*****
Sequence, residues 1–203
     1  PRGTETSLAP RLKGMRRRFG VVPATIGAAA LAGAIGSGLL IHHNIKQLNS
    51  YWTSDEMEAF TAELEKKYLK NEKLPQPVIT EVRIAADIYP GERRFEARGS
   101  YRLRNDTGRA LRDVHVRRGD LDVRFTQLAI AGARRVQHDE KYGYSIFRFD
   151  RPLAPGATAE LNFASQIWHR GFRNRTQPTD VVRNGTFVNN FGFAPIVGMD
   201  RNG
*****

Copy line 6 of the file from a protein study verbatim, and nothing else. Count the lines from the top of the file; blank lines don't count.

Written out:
   201  RNG